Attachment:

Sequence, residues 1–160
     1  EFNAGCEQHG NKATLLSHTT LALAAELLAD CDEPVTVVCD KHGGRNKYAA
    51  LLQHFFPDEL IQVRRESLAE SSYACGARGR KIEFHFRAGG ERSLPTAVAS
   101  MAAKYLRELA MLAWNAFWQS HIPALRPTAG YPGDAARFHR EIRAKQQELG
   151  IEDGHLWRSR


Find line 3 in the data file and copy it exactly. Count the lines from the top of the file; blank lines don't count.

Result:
    51  LLQHFFPDEL IQVRRESLAE SSYACGARGR KIEFHFRAGG ERSLPTAVAS